Throughout Lent, we’ll be posting the reflections for each Sunday a few days beforehand so that readers may use them as they see fit in anticipation of the week ahead. We’ll then re-post the reflection on Sunday as well.
by B. Kwame Assenyoh, SVD
Deuteronomy 26:4-10 | Romans 10:8-13 | Luke 4:1-13
Here there is no difference between Jew and Greek; all have the same Creator, rich in mercy toward those who call. (Rom 10:12)
Peter Phan, a theology professor at Georgetown University, recently wrote that the early Christians continued to consider themselves as paroikoi, the Greek term for “foreigners”, even after they had found a home among the settled Jews. As foreigners, Christians by nature are called not to settle, because settling would lead to spiritual death. Rather, led by their sense of being foreigners, Christians would find their own migration as a normal and healthy way to live, to grow and to survive; and they can, in turn, recognize and treat other migrants with the same compassion they have experienced. This year, we enter the First Week of Lent with the call to repent or renew our minds about the way we understand and act toward immigrants and migration into our country. Phan’s point above helps us to see in our readings today why we should see migration as an essential phenomenon of the Christian life.
We hear in the first reading that, after God created them as a settled nation, the Israelites were instructed by God through Moses to still invoke their foreigner (migrant) status when they brought offerings to God. That migrant self-awareness would enable them to see God’s “strong hand and outstretched arm” that made them the prosperous nation they became. Paul sees Christians as the new Israel in this sense of being foreigners. In order to realize the peace of Christ among themselves, Christians must overcome the ethnic and physical differences among people: “Here, there is no difference between Jew or Greek,” insider or outsider, documented or undocumented, etc. Hence the devil’s temptations were basically suggestions to Jesus to settle with the physical, external or earthly power and security. Rather, Jesus chose to keep a migrant’s self-perception and attitude; Jesus would live on God’s word and worship, and trust God in the way migrants do.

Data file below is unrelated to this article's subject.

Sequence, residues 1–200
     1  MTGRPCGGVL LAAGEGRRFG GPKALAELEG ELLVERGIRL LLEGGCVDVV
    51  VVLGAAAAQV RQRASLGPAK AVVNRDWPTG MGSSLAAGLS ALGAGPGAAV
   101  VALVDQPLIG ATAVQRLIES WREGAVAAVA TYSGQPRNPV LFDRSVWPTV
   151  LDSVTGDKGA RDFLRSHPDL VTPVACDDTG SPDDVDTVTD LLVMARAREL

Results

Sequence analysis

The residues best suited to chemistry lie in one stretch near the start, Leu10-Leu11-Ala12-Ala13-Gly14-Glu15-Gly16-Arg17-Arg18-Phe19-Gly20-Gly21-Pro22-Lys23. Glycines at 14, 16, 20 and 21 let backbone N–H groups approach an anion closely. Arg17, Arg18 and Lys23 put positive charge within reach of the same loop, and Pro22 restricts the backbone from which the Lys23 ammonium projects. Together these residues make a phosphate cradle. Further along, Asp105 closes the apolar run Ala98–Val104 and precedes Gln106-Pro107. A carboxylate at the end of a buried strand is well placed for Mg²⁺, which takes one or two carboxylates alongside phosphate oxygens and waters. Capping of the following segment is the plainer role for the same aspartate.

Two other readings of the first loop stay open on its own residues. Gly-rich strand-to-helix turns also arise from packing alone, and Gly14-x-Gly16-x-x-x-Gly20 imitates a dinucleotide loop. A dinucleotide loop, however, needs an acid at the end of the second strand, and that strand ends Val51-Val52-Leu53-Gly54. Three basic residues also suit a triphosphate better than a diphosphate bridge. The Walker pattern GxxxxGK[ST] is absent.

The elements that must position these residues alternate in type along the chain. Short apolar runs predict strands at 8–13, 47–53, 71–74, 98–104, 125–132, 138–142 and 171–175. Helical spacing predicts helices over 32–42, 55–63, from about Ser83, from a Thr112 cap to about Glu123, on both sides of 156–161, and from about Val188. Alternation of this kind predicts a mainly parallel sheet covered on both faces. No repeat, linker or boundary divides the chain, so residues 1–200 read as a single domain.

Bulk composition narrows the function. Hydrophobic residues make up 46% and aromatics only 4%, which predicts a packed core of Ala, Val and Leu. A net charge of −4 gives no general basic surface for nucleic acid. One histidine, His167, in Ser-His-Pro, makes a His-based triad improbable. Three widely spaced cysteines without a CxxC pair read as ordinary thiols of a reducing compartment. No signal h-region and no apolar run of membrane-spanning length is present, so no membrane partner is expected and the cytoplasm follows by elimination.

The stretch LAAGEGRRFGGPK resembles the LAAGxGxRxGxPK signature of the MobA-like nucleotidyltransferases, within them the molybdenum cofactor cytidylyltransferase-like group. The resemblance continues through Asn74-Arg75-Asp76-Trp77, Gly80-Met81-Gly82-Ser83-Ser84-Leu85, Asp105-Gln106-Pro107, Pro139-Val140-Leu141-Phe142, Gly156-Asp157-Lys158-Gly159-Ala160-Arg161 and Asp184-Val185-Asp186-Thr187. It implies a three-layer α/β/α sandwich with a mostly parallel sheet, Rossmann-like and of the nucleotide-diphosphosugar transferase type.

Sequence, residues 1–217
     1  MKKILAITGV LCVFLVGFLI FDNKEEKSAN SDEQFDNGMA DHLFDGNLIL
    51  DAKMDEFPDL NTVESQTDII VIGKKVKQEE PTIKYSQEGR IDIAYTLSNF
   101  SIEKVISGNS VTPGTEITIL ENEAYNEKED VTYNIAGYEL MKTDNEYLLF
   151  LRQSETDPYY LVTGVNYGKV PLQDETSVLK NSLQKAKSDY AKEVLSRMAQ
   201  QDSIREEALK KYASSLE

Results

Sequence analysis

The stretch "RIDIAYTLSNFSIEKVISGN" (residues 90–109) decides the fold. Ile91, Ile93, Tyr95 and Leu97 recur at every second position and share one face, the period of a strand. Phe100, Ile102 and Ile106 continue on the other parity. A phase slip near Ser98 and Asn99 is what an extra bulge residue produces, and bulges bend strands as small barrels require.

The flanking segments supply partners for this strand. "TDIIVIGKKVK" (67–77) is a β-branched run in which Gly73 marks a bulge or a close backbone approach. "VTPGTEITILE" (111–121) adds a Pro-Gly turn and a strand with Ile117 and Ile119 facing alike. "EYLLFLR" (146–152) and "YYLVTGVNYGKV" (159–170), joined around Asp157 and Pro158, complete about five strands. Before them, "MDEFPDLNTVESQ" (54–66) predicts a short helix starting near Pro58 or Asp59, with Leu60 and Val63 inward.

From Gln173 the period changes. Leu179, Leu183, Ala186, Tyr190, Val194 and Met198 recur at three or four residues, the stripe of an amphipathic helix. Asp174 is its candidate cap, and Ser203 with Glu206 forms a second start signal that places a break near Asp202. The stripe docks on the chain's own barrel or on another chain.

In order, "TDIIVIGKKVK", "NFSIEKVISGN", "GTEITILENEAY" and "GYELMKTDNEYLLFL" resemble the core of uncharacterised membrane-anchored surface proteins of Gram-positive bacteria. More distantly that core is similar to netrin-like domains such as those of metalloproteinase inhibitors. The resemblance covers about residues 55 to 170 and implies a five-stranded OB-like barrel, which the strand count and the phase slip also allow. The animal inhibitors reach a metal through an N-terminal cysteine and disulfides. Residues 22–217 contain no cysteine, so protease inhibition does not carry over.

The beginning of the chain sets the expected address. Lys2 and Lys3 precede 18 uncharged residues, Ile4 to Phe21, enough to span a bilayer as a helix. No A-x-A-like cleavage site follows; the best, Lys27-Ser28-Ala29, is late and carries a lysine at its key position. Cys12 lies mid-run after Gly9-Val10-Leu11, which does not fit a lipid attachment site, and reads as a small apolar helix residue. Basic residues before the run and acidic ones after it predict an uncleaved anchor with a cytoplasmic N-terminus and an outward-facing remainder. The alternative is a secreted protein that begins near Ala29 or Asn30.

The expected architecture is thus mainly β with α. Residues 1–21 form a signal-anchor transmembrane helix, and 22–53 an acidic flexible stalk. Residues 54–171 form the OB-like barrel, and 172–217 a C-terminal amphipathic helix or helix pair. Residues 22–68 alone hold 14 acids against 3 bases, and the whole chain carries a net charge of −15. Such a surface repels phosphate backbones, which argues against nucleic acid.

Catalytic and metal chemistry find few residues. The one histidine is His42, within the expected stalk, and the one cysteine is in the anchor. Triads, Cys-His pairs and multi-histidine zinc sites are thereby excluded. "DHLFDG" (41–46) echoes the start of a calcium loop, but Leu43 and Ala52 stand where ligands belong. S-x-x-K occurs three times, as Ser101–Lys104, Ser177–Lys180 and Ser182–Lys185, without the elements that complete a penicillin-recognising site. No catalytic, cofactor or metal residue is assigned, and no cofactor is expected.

- Where do I stand on the issue of immigration and migrants in our country?’
- Do I consider myself a ‘migrant in spirit’?
* This reflection is from Everything is Grace: Reflections for Lent 2016, now available for purchase and download from the Pax Christi USA Store online.
2 thoughts on “LENT 2016: Reflection for the First Sunday of Lent, February 14”
Interesting perspective and uniquely relevant to the current world situation. A compelling call to change hearts, minds, and attitudes while remembering our own experience of being foreigners. The African American experience in this country continues to be one of “paroikoi” where we are never completely considered relevant or integral, but we too, continue to keep our eyes on God’s strong and outstretched hand. Our faith remains strong!!
Especially as Americans, we often have a mentality of possession – whether it be of things or of a place. We establish governmental regulations to determine ourselves one from another: citizens, non-citizens, landowners, and migrants, etc. We need to remember that we are all, in creation, in equal relation to one another. Therefore, there are no “foreigners” as distinct from “natives.” Yes, we are all one. We need to be always mindful as we ‘migrate ” on The Way with Jesus.